Canadian Mental Health Association encourages resiliency skills building to cope with stress caused by natural disasters.
With British Columbia bracing itself for what could be another intense wildfire season, the Canadian Mental Health Association (CMHA) will be hosting a series of free community talks aimed at helping people build resilience and find ways to safeguard and manage their mental health in the face of stressors associated with extreme weather and natural disasters.
The community talks will take place in 25 communities in the Interior and Northern British Columbia between July and October 2019. These events will focus on normalizing the experience of stress and anxiety due to wildfires, smoky skies and flooding and on helping local citizens connect and talk about their experiences coping with the mental health impacts of actual or anticipated events. The talks will also help them learn how to support family members, including children and youth.
Many British Columbians are still dealing with stress and emotional trauma experienced during the wildfires of 2017 and 2018 while, at the same time, anticipating possible future alerts and evacuations. There are obvious stressors, such as alerts and evacuations or being separated from friends and family, but even living under smoke-filled skies for prolonged periods can cause distress.
“We know that natural disasters are recognized to have an immense impact on emotional health and it’s expected that those affected will experience varying degrees of psychological distress, sometimes soon after and sometimes longer after the event,” says Jonny Morris, CEO of Canadian Mental Health Association, BC Division. “It’s normal to have difficulty managing our feelings after major traumatic events. Recognizing the symptoms of stress and understanding these natural responses can help us cope better with our feelings, thoughts and behaviours.”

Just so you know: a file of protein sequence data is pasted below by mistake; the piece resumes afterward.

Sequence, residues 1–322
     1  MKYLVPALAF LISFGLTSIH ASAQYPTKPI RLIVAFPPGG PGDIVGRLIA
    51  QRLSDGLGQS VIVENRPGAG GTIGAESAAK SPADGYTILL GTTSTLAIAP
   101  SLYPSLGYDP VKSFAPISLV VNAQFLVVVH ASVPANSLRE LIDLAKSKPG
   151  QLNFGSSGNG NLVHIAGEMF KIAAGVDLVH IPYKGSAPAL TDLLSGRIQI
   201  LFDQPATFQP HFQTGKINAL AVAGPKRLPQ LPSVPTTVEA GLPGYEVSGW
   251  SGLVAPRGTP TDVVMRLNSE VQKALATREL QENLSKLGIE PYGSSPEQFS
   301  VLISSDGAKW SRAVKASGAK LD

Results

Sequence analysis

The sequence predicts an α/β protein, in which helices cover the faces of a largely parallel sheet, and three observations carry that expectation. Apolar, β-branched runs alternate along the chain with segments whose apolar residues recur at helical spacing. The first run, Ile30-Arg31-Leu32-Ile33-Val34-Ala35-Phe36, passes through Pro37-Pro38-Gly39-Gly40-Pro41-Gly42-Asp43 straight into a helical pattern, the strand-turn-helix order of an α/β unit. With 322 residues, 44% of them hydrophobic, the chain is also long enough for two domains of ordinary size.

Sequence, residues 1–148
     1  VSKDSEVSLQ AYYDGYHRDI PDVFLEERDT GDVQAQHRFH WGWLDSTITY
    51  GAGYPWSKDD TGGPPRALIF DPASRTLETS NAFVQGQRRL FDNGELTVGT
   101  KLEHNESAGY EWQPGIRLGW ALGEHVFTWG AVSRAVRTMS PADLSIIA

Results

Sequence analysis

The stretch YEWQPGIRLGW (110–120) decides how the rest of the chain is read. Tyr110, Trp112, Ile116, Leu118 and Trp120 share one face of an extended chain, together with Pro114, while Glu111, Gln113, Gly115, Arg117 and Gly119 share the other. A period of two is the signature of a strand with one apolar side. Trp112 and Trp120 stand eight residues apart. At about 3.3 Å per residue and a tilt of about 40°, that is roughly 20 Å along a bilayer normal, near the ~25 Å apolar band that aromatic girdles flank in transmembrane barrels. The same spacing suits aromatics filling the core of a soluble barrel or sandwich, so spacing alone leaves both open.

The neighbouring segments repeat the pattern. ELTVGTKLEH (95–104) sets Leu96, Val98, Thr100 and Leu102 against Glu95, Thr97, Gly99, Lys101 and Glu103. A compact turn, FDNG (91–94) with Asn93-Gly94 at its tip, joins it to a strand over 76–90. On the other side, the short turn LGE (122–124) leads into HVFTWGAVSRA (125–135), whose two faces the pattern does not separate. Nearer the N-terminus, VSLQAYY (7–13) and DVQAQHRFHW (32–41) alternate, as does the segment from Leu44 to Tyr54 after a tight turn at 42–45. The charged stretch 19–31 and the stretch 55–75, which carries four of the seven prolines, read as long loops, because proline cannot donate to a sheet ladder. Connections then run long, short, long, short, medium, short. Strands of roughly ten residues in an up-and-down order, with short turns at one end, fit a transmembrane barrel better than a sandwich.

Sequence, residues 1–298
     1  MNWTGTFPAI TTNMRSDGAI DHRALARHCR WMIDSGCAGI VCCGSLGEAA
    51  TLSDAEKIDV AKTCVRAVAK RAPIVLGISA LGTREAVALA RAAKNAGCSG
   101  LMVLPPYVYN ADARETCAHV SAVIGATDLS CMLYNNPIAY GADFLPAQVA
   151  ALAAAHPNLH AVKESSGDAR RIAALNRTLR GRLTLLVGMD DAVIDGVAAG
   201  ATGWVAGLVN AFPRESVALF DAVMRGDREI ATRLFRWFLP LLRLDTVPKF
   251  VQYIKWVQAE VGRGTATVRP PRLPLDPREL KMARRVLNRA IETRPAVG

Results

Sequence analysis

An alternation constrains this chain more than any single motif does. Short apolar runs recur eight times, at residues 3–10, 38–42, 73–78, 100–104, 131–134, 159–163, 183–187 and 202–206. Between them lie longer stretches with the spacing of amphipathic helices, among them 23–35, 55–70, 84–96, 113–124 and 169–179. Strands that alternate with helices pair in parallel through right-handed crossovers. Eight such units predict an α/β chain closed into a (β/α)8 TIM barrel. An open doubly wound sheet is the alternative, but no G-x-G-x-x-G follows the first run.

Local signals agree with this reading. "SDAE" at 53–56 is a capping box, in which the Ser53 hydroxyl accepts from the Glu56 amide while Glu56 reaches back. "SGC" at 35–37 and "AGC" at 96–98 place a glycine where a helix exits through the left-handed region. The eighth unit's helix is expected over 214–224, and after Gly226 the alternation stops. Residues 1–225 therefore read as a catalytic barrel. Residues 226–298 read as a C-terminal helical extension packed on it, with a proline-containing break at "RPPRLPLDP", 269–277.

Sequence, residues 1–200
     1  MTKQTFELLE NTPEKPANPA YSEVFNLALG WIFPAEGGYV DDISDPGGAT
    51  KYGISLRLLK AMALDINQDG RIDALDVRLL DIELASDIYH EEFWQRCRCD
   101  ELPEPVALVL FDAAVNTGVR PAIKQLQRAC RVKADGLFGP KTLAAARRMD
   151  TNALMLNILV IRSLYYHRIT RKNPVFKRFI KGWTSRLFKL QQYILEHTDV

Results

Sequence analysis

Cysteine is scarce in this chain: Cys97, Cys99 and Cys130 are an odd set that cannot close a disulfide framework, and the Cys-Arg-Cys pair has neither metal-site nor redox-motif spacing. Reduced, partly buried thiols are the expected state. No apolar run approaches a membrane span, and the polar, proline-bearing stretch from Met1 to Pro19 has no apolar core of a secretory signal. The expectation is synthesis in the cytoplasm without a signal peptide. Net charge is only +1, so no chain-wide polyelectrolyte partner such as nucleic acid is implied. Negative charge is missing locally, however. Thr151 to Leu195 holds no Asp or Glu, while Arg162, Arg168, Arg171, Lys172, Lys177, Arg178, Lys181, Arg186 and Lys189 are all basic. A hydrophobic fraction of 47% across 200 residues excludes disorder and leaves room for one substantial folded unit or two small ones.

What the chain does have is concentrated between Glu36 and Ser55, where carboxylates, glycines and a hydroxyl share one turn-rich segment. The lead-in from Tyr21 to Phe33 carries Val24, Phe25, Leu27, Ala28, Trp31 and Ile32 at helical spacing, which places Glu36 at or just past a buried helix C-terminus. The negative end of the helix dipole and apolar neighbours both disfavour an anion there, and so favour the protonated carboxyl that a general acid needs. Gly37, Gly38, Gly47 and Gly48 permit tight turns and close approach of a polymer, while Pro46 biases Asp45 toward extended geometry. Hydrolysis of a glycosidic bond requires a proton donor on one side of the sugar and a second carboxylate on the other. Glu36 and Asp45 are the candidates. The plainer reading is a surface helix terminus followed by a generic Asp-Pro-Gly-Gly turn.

“The unfortunate reality is that extreme weather conditions are becoming the new normal in BC and just as we focus on physical protection, it’s necessary to look at psychological protection, too. The good news, however, is that resiliency is not something you either have or don’t have. It is something we can build and strengthen by learning new skills to help us deal with stressful situations more effectively.”
Each talk will be tailored to that community’s specific needs, providing tips for dealing with stress and worry and identifying local community services and supports that can help local residents.
In addition to the community talks, CMHA will be delivering Living Life to the Full courses in Prince George, South Cariboo, South Okanagan, Shuswap and Cariboo Chilcotin throughout the fall and winter. Living Life to the Full is a 12-hour group-based resilience building course based on the principles of cognitive-behavioural therapy (CBT), an evidence-based therapy approach which has been proven successful in reducing symptoms of anxiety and depression. Trained facilitators use group activities to identify and work on improving feelings, moods and behaviours, designed to engage participants at their comfort level, and inspire them to shift how they respond to stresses in their lives.
Funding for the talks and courses is provided by the Province of BC.
Click here for a list of community talks in British Columbia (new dates will be added as they are confirmed).
For more information and tips on coping with disaster stress go to www.BCDisasterStress.ca
If you are struggling right now, confidential support and crisis lines are available 24/7:
- KUU-US Indigenous Line 1-800-588-8717 www.kuu-uscrisisline.ca
- Interior BC Crisis Line 1-888-353-2273 – chat and text services available www.interiorcrisisline.com
- Northern BC Crisis Line 1-888-562-1214 crisis-centre.ca
- BC Mental Health Support Line 310-6789 (no area code required) www.crisislines.bc.ca
About the Canadian Mental Health Association (CMHA)
CMHA is Canada’s most established mental health charity and the nation-wide leader and champion for mental health. CMHA helps people access the resources they need to maintain and improve mental health, build resilience, and support recovery from mental illness. For mental health and substance use information and resources visit www.cmha.bc.ca
Communications Coordinator – Media, CMHA BC Division
P: 604-688-3234 ext. 6326